Research At IIITN

Research Domain High Performance Computing


Operating System level Solutions for Energy Efficiency of Heterogeneous Multi-cores in Dark Silicon Era

Dark silicon era refers to the era of the system-on-chip multiprocessor technology  where only a fraction of on-chip resources (like processing cores, cache blocks, hardware accelerators etc) can be put in power-on mode due to limited power budget and safe thermal limits, while the other on-chip resources are required to be kept in power-off mode or "dark".

The continuous feature size scaling of the transistors (as stated by Moore's law) resulted in abundance of transistors on the same chip area. But all the transistors cannot be powered-on simultaneously due to power and thermal constraints. 

The scaling of feature size till some threshold value scales the voltage and current, increases the frequency and keeps the power per unit area constant (Dennard Scaling rule), but below this threshold value, the  voltage cannot be further reduced since it increases the  leakage current exponentially which further results in significant increase in power consumption and temperature. Below 65nm technology, Dennard scaling also fails.

The only solution to take advantage of the decreasing size of transistors (or increase in number of transistors per die) is to keep the fraction of on-chip resources in power-off mode and to use only fraction of resources at run time. In order to make good choices of these resources, heterogeneous multi-core is one of the effective processor architectures that leverage this abundance of transistors to increase performance, energy efficiency and reliability under power and thermal constraints.

For the heterogeneous multi-core processor architectures where the cores with different functional characteristics (CPU, GPU, DSP etc) and the cores with different performance-energy characteristics (simple verses complex micro-architecture) co-exist on the same die, the application can be executed by exploiting only the cores that best fit a particular application leading to faster and energy efficient computing. It leaves rest of the cores in power-off mode or "dark". Various other techniques such as dynamic voltage and frequency scaling, dynamic power management etc also exist to optimize the energy consumption of the processor cores.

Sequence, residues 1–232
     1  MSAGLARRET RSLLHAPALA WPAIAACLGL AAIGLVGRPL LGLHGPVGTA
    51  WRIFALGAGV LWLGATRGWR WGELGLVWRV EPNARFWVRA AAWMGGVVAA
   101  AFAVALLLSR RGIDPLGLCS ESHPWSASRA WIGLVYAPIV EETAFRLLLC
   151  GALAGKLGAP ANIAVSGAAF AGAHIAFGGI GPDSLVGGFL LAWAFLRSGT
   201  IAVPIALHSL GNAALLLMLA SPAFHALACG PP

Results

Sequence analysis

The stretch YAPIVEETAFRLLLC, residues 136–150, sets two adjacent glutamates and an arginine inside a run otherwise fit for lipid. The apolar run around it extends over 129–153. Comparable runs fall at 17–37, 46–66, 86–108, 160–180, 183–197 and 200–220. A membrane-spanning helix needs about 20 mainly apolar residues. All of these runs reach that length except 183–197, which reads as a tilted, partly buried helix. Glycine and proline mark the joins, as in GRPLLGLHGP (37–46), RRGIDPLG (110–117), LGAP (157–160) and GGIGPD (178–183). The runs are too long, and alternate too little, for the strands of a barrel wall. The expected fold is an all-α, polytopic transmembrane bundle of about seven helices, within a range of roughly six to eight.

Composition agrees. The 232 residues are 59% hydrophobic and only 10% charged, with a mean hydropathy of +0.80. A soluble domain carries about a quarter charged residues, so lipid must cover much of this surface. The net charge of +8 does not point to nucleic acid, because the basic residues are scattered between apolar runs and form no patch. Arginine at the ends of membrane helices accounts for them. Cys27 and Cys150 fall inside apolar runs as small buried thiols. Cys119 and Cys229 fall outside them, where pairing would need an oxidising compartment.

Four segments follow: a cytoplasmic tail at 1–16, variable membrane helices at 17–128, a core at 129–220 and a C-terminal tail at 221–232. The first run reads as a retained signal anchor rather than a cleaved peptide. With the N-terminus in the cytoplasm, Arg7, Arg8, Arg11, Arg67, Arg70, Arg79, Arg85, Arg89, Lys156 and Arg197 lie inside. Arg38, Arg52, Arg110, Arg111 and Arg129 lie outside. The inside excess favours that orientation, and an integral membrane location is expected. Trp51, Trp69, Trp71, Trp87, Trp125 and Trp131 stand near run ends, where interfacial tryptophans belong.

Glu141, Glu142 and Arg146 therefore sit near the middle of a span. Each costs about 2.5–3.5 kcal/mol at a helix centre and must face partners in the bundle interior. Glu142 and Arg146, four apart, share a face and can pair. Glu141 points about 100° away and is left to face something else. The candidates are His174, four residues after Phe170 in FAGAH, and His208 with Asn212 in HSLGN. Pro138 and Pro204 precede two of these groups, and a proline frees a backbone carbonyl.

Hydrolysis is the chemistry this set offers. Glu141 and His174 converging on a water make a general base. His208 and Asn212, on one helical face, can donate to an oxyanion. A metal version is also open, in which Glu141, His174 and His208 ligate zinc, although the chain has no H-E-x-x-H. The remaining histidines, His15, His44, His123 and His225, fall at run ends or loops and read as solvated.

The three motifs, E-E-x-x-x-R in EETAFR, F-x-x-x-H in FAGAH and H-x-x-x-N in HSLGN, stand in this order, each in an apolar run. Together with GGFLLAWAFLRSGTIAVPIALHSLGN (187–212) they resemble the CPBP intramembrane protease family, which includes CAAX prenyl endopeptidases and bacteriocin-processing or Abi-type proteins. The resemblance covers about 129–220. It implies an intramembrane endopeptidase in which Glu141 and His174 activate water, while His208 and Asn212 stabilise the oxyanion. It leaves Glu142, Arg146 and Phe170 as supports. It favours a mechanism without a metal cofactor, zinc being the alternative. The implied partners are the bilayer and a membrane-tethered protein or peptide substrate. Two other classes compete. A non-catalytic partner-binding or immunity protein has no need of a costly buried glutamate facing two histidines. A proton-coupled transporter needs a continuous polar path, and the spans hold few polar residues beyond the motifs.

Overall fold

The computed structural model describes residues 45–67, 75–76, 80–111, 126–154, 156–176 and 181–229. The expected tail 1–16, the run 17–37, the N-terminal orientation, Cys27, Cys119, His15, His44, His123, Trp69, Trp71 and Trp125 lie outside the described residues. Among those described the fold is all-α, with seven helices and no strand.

Another motivation behind focusing on energy efficient solutions for multi-core processors is that the majority of the today's embedded systems (which are made up of multi-core processors) and are supposed to give high performance, longer battery life and perform highly critical applications (in case of real time embedded systems) are battery operated. Therefore, there is a need to optimize energy consumption of such devices to prolong their duration on a single charge.

Application Area:

  • Embedded Systems
  • Power hungry devices and processors used in IoT based Systems
  • Bioinformatics and Computational Biology
  • Cyrptography
  • Deep Learning
  • Larger Interger Multiplication


Faculty Associated with the research group:


 

 

 

Dr. Jitendra V. Tembhurne

Dr. Tausif Diwan

Dr. Mayuri Digalwar